Newspaper article International New York Times

Chinese Remain Wary of American Policy ; U.S. Cultural Influences Are Strong, but Youth Distrust Intentions Abroad

Newspaper article International New York Times

Chinese Remain Wary of American Policy ; U.S. Cultural Influences Are Strong, but Youth Distrust Intentions Abroad

Article excerpt

China's increasing prominence makes the contrast between cultural attraction and political distrust especially stark.

Wearing a hoodie emblazoned with an oversize American dollar bill, Zhao Yixiang sells an American brand of skateboards for a living and admires much about the United States, including its raucous rap music and tradition of unfettered expression.

"America is a country full of free speech," he said at his shop in downtown Beijing. "You can say what you want, go where you want, choose your own lifestyle. I admire that a lot. But on territorial and military issues, we're pretty far apart."

"I think a lot of people in my generation think like that," Mr. Zhao, 26, said. "We really like American culture, but we also like to have a government that doesn't show weakness abroad."

As China's president, Xi Jinping, was to wrap up a visit to the United States with a speech at the United Nations on Monday, young Chinese citizens like Mr. Zhao present a quandary for American policy makers, who hope their country's vast cultural reach offers a beachhead into making opinion here more receptive, if not sympathetic, toward the United States.

In some ways, American cultural influence reaches into China deeper than ever. Despite censorship, restrictions on cultural imports and heavy Internet barriers, American television, films, music and technology are widely and avidly consumed. During his visit, Mr. Xi nodded to that influence, citing American authors, the popular television series "House of Cards" and several Hollywood movies, as well as meeting with prominent businesses leaders from Silicon Valley.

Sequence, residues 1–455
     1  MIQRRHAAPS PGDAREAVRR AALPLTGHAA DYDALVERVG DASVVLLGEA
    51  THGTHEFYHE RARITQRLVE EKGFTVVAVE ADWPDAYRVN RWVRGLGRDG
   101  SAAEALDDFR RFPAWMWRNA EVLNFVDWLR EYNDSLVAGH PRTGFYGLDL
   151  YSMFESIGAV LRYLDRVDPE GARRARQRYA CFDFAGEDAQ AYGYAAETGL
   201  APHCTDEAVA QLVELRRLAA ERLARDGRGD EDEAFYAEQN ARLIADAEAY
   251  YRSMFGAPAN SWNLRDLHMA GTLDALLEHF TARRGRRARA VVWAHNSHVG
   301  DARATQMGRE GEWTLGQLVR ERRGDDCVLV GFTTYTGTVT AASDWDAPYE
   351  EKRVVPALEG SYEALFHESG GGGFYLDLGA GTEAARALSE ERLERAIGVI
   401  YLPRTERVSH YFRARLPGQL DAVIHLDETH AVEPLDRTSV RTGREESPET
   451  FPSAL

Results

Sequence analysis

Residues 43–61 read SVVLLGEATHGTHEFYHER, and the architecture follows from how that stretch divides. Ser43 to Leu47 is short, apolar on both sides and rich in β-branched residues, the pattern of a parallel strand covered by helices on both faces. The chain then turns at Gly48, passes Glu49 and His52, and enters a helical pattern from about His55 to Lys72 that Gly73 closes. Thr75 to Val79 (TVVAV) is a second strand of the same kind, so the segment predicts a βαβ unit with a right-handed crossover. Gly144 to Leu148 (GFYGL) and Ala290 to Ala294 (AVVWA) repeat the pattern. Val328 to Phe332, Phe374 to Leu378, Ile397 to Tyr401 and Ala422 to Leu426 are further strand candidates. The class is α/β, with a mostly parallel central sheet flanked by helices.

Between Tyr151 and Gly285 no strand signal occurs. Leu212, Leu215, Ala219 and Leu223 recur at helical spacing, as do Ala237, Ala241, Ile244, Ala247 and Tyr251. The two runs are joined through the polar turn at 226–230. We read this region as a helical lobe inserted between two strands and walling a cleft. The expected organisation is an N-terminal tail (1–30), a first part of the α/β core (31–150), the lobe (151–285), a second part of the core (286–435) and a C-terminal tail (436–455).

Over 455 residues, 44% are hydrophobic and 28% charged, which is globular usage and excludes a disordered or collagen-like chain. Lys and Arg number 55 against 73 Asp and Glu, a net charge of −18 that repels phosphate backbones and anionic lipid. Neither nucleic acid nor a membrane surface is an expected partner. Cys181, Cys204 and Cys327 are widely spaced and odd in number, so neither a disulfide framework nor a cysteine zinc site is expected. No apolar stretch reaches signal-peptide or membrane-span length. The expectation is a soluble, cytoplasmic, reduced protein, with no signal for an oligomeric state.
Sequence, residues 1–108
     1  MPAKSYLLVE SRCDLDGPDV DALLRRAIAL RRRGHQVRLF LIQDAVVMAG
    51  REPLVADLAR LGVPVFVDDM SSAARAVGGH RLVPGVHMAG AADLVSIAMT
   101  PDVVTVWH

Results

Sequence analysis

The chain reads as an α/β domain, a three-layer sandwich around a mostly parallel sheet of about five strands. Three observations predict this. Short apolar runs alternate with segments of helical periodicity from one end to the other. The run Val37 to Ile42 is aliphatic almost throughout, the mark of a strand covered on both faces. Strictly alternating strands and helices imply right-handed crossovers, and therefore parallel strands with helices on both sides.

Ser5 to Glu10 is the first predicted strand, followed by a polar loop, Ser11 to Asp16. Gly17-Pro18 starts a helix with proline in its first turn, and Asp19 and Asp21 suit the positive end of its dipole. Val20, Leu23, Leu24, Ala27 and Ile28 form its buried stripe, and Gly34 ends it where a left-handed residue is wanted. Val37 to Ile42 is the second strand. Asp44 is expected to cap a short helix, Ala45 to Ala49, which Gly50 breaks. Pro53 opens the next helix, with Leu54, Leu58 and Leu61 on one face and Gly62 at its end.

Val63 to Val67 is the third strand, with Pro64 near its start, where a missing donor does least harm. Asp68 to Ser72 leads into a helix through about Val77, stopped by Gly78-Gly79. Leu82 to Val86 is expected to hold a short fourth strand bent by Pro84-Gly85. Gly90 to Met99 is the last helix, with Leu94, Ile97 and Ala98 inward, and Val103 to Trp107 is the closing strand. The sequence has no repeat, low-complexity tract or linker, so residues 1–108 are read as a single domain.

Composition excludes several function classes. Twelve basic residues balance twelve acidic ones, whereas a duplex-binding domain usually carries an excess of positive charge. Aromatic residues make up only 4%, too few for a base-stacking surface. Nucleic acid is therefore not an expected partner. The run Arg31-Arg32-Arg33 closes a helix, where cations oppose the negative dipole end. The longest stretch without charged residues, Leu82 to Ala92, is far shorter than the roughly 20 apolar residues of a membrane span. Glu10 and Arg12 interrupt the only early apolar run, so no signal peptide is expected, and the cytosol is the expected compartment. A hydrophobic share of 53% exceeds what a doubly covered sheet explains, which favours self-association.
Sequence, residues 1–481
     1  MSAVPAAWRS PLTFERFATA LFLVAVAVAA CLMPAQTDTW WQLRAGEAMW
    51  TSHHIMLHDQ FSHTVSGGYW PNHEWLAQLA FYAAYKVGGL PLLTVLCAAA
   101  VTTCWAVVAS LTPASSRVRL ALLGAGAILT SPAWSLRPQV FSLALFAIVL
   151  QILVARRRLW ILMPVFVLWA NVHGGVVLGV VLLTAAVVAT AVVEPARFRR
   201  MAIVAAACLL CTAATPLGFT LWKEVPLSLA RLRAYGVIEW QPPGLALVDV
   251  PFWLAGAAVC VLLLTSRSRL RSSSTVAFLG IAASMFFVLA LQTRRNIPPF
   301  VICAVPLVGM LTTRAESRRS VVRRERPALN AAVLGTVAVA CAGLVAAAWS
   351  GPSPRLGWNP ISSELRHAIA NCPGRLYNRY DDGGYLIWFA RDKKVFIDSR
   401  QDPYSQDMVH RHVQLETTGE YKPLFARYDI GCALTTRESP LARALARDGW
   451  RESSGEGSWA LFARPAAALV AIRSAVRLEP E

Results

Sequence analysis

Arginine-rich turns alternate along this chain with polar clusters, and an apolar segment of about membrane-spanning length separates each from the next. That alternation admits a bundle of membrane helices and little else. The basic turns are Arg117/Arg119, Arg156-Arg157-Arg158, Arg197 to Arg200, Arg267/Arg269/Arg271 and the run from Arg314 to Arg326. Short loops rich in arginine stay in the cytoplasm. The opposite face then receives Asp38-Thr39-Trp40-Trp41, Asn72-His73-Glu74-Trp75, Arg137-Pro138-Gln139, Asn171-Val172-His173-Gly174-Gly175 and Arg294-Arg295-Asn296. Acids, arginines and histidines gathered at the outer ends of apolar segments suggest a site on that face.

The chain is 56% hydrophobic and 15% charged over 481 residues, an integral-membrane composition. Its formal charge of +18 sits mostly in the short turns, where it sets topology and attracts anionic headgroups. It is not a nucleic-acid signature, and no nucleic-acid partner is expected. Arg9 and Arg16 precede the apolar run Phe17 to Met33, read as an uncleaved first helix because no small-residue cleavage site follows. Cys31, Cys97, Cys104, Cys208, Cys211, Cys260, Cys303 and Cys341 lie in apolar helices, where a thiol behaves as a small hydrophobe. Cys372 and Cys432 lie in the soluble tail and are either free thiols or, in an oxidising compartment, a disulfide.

Yet studies and surveys show that many Chinese citizens, including the young, remain wary of the United States and hostile to Washington's foreign intentions, especially when China's territorial claims and rising influence are at stake. China is not unique in that regard, but its increasing prominence makes the contrast between cultural attraction and political distrust especially stark.

"Even when you have cultural soft power and cultural attractiveness, that doesn't mean that people identify with or support your policies," said Xie Tao, a professor at Beijing Foreign Studies University, who studies public opinion and China-United States relations.

Among his students, he said: "You can sense that the undergraduates identify with American culture -- its higher education, basketball, so on. But when you discuss American policy, many people -- many of the same people -- are highly critical."

People here were subjected to Chinese news coverage of Mr. Xi's American visit, which smothered audiences with images and accounts of the leader as a strong, poised statesman, winning the respect of President Obama, American tech executives and ordinary Americans.

"Chinese state visits to the United States are primarily domestic choreography for the Chinese public," Professor Xie said. "This state visit, with the reception by President Obama and the U.S. media attention, is to show that he has international stature and deserves and receives respect."

The promotional drive for Mr. Xi sometimes went to extremes. State news media likened the trip to Deng Xiaoping's in 1979, which helped re-establish diplomatic relations. Foreign students were recruited into offering dewy-eyed praise for Mr. Xi in an online video. The newspaper China Daily claimed that a survey found that nearly 80 percent of American youth were interested in his visit.

It was too much for some Chinese, even those usually inured to high-pitched propaganda. …

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